The best documentaries, apart from being broadcast at the Festival, were also shown in the Al Jazeera Balkans program, and are available online in the Balkans region. To view the films click on the documentary title.


Al Jazeera Balkans Documentary Film Festival audience in 2018 was presented 23 high-quality documentary films with variety of topics, from a story about a man who joins the terrorist group Al-Shabaab and then flees the group, story about growing up in the war-torn Syria and a restrained childhood, to the topic of slavery in European countries and the system's interference in all spheres of life, even in the upbringing of children, as is the case in Norway. In addition to heavy stories, the audience had an opportunity to watch a controversial topic about Serbian mafia that inherited Arkan's legacy, about a quiet world of deaf couples, as well as about journey of a manager fighting the windmills of the communist system...

Nevertheless, there were also documentaries about individuals changing their own worlds and environments, including an emotional story of a boy called Anto who is a single student in his school, a story about "Titan from Mljet" - a man who dug 96 meters long tunnel with his wife, as well as about young people determined to find success and happiness wherever they go.

The best of these stories, apart from being broadcast at the Festival, were also shown in the Al Jazeera Balkans program, and due to the geoblocking option some of them are available online in the Balkans region. This list will be updated periodically.


It is the culmination of every refugee story that is supposed to end with official asylum and resettlement in Germany: personal interview with a case officer at a branch of the Federal Office for Migration and Refugees (BAMF). The applicant and the case officer meet on a single occasion. Asylum-seekers have to provide credible proof of their persecution in the home country. BAMF staff are responsible for deciding who stays and who leaves. They rely on the law, common sense and their conscience.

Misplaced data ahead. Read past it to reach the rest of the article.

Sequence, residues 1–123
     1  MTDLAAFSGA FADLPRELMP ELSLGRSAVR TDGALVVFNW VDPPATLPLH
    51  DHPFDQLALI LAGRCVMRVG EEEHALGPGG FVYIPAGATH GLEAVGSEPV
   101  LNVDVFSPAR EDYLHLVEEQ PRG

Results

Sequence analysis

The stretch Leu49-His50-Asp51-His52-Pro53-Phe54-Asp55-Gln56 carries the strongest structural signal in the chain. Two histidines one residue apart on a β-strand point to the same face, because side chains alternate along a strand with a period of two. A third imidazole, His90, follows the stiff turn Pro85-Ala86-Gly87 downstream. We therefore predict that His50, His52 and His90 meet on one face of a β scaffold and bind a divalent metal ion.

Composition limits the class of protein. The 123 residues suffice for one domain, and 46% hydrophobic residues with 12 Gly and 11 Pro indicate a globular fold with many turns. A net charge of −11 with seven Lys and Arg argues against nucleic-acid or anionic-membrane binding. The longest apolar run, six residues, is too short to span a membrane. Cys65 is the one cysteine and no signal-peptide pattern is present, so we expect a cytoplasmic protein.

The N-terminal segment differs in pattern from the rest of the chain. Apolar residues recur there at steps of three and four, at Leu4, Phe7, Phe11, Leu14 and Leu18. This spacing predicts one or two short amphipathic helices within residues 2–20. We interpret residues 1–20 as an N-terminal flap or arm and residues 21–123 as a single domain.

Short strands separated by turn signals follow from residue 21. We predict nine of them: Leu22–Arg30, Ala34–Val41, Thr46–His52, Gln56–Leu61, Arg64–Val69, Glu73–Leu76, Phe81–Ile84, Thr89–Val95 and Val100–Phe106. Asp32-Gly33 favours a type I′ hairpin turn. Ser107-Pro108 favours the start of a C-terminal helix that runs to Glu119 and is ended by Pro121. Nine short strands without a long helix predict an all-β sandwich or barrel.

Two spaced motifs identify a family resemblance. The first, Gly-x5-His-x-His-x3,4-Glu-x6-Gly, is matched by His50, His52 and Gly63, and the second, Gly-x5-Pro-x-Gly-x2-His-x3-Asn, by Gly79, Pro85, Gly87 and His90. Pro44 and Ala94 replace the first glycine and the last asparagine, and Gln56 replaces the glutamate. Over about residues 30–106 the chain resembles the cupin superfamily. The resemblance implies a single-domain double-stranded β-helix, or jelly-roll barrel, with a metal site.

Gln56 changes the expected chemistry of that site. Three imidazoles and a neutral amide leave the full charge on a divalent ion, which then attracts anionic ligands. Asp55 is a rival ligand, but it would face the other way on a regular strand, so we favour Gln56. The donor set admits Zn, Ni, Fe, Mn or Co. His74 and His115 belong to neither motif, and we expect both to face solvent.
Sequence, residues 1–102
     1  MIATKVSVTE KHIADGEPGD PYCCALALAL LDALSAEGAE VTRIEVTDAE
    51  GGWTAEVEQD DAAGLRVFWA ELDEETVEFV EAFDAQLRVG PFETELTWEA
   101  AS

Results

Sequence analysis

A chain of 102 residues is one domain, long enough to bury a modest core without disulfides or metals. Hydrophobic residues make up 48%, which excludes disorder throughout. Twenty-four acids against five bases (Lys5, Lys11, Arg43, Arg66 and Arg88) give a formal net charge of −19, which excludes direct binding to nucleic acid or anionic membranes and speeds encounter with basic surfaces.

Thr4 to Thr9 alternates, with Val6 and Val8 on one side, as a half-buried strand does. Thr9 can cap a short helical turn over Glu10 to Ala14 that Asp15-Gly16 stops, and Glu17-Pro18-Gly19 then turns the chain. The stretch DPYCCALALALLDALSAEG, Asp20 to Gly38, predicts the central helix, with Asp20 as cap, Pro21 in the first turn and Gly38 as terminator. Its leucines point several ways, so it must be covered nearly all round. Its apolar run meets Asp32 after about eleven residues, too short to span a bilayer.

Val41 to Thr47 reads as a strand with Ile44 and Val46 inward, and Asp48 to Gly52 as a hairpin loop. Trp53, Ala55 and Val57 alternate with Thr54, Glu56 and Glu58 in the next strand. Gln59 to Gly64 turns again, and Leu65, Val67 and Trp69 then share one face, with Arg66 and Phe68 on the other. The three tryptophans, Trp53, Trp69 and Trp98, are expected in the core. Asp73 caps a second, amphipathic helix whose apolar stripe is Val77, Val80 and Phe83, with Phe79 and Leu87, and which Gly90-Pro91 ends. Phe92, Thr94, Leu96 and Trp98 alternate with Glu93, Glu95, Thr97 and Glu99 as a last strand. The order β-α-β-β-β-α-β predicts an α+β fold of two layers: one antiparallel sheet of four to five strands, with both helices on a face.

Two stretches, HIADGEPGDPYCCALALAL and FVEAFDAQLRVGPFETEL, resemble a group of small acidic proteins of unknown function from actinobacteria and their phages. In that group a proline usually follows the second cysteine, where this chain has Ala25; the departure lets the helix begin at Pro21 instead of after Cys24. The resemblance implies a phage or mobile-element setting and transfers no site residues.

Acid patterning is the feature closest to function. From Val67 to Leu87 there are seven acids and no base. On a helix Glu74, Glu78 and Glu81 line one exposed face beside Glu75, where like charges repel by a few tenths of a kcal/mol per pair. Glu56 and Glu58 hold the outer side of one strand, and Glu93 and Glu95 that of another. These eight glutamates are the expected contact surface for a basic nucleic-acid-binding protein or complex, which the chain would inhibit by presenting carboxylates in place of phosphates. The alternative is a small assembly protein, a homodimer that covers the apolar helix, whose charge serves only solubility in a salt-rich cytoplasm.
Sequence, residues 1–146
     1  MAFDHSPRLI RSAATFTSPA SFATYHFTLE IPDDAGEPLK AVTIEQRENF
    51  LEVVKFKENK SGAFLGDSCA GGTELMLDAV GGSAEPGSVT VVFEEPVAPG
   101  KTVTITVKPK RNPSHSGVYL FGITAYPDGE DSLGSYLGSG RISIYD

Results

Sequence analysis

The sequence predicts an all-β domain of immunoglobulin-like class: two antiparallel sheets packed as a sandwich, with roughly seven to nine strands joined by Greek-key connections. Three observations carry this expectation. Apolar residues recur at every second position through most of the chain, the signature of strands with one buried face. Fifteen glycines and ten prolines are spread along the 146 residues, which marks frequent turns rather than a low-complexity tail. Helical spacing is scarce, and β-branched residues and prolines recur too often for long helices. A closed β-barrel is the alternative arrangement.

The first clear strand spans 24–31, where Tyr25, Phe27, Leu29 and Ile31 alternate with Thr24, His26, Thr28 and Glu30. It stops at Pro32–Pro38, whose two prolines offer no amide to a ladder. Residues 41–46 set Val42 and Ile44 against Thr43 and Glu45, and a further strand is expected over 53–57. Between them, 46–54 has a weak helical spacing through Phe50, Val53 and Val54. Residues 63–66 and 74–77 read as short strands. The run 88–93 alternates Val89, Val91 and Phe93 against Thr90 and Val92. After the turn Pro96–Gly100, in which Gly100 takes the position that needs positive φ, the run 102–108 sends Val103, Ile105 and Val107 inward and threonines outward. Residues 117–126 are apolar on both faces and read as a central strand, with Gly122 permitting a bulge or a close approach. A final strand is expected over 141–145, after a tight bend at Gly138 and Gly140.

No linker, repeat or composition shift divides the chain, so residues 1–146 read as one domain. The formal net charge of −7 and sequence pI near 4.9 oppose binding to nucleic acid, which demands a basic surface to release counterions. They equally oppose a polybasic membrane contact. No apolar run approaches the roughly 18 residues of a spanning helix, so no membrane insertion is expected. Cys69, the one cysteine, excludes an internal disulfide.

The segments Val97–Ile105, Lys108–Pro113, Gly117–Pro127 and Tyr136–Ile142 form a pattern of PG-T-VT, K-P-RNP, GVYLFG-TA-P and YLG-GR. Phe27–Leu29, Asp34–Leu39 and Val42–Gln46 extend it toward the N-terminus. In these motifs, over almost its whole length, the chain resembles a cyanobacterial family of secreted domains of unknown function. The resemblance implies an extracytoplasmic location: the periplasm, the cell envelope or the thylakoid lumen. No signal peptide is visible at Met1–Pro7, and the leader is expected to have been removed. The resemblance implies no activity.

For the first time, BAMF decision-makers in thy asylum proceedings offer us an insight into their day-to-day work and allow viewers to witness the asylum interviews which usually take place behind closed doors. They do their job in the eye of storm of daily media coverage about mass migration and heated debates about the permeability of borders. They have to discern true from false reports and decide who is still allowed to stay in Germany for humanitarian reasons.
An Auschwitz commander's grandson, Rainer Hoess was symbolically adopted by the Holocaust survivor Eva Mozes Kor in 2014. The two, with their specific experiences, are united in the struggle against Neo-Nazism, antisemitism, racism, and xenophobia around the globe. Rainer Hoess broke up the relations with his family and left home at the age of 15, when he found out that his grandfather Rudolf Hoess had been responsible for the industrial extermination of 2.5 million Jews in WWII. At the age of 39, after a stroke, Rainer realizes that he has to deal with his dark heritage and face the horrors of the Holocaust. Eva Mozes Kor explains her relationship with Reiner Hoess: „The fact that he is a grandson of Rudolf Hoess is an ultimate revenge! Rudolf Hoess will not get to enjoy time with his grandson, but I will!“

After 25 years in France, Bojina returns to Bulgaria, with a camera in her hand and vertiginous suspicion: what if my family had collaborated with the secret police of the communist regime? And what if they were a part of the „red trash“ that the protesters on the streets want to see removed? She decided to investigate and film a whole thing, ready for anything. Her adventure transforms itself into a tragicomic odyssey, a mix of espionage and a family film.

The former Lada factory, built in the Russian city of Tolyatti in the 1970s, was meant to show the Western world the miracle of Soviet prosperity. The perfect utopia that none dared to doubt. More than four decades later, the plant has been losing billions of rubles every year as it slowly decays. And none dare to touch it. A Swedish power-manager is hired to bring the miracle of the capitalist business model to the dying factory. Bo Inge Andersson, a former soldier, who's already resurrected one Russian automaker, comes to Tolyatti with a small team and a big goal: to be the very first non-Russian at the helm of the company. And none dare to oppose him. Yet. As his fight for the future of the factory starts, the world around him begins to unravel. This larger-than-life Soviet dream has left people of Tolyatti care little for the grand plans of the elites and focus only on day-to-day survival. What will they do as their world is turning upside down?